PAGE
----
Ed Asner is still acting in his eighties. But his quick wit and unique outlook on life make him able to transcend the age gap. An entertainer for all generations, he has played endearing roles for the younger set such as Santa Claus in Elf and Carl in Up. But others will always remember him for his seven-year stint as journalist Lou Grant on The Mary Tyler Moore Show. Now he has returned to Broadway to star in Grace with Paul Rudd, which is playing until Jan. 6.
You have seven Emmy Awards. Where do you keep them?
They’re scattered throughout the house. There are none in the outhouse.
You’ve come back to Broadway after 23 years. How has it changed?
It’s less grandiose. Penny-pinching has gone on everywhere—film, TV, life. And it certainly affects Broadway as well as every other element of showbiz.
Is Paul Rudd as funny as he is in movies?
No. I haven’t laughed at him yet.
Any funny set stories?
No. We’re so serious and dedicated. We’re growling most of the time about directors or writers, you name it. We really don’t have time. I could have said the same thing for the seven years at Mary Tyler Moore. It was not the laugh-and-scratch type atmosphere that you would expect from such a delightful show.
You came from LA to do this play. What do you like about living in New York?
I’m still searching.
You tweet very frequently. Do you write your own tweets?
No. My son does.
You whacked Barbara Walters’ tush on The View. Why did you do that?
To get a reaction from Barbara Walters like that. She reacted properly.
In your Facebook picture, you are holding up a “Vote Now” sign.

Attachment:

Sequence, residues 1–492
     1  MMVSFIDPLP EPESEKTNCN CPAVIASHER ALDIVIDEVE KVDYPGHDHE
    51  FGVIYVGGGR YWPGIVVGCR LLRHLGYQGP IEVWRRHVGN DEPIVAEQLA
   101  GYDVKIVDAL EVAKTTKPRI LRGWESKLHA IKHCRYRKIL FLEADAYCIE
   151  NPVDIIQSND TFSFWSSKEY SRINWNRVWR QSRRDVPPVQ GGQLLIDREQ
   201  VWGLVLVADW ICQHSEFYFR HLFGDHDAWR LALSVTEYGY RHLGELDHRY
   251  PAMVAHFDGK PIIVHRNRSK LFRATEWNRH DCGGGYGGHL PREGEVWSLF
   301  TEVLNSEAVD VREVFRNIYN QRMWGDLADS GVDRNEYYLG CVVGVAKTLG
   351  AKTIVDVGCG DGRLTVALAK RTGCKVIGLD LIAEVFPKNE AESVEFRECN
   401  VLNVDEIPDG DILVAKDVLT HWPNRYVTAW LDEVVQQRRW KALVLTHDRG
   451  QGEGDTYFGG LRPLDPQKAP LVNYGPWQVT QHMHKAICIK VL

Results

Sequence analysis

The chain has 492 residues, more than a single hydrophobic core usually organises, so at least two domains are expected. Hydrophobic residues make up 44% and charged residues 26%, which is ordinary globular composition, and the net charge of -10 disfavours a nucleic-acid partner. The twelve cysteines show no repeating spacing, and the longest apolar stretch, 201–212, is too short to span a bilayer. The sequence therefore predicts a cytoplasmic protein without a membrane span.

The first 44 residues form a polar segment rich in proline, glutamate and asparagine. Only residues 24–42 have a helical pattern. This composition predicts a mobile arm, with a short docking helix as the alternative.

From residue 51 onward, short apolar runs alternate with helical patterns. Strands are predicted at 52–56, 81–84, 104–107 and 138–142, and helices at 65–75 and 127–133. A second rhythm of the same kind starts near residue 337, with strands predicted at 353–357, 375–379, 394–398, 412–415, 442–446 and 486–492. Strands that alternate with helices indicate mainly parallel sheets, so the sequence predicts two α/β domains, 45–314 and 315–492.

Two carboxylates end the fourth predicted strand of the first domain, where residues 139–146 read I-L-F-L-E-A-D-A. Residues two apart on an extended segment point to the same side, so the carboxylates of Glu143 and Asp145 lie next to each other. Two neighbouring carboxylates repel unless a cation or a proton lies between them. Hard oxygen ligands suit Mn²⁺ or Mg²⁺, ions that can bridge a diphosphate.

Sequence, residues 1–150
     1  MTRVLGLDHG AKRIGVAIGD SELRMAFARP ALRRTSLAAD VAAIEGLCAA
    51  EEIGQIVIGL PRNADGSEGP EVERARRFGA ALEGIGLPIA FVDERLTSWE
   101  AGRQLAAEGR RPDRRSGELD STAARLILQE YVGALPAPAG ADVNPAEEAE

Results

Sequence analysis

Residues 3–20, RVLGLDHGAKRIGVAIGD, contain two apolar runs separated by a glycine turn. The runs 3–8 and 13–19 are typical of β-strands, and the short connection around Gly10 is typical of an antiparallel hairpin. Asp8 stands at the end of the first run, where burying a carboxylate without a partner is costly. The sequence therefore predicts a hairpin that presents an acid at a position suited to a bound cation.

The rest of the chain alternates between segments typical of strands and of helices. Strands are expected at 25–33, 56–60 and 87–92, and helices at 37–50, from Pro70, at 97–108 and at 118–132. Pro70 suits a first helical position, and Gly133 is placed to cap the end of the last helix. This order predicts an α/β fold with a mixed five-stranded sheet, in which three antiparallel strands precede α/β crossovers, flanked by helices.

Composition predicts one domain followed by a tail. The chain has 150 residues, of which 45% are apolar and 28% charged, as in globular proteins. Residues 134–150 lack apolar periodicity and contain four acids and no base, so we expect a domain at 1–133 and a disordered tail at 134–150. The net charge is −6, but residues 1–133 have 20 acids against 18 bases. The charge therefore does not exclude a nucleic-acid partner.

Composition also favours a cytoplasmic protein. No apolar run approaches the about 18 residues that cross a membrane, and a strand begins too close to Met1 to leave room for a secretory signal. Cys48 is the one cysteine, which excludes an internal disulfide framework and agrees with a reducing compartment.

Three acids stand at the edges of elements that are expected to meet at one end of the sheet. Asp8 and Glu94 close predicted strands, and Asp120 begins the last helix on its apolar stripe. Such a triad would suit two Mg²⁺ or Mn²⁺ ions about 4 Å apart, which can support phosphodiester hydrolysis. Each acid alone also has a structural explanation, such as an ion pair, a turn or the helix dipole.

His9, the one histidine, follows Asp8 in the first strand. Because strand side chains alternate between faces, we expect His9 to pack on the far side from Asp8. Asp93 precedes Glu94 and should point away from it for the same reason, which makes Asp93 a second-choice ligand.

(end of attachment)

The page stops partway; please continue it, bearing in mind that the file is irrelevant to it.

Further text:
People should not surrender their right to vote. They should exercise it even though they can’t stand anybody. Even if they write in “none of the above.”
What is your advice to voters this November?
Hold your nose.
You do a lot of work with autism. Why do you think this is such a worthy cause?
Because I have a son who has autism. And I have a grandson who has autism. And I know the world’s attention must be focused on it and come to understand these people and to work for their betterment and greater ability to enter and function in society.
You played Santa Claus in Elf. Did Will Ferrell at least make you laugh?
Oh yeah. He’s an unbelievably dedicated actor. He made me the Santa Claus I am today.
What memories stay with you from your work on The Mary Tyler Moore Show?
Nothing but bliss.
You voiced the main character in Up. Did you think the movie would get so many accolades?
No I didn’t. I don’t know whether it was nerves or what. Its largeness and its prominence really didn’t gel on me until I saw it for about the third time.
When do you plan to retire?
Death must come before retirement.
What do you still want to do that you haven’t yet?
I want to see my kids ripen into old age. I want to see my grandkids mature and develop and become acceptable.
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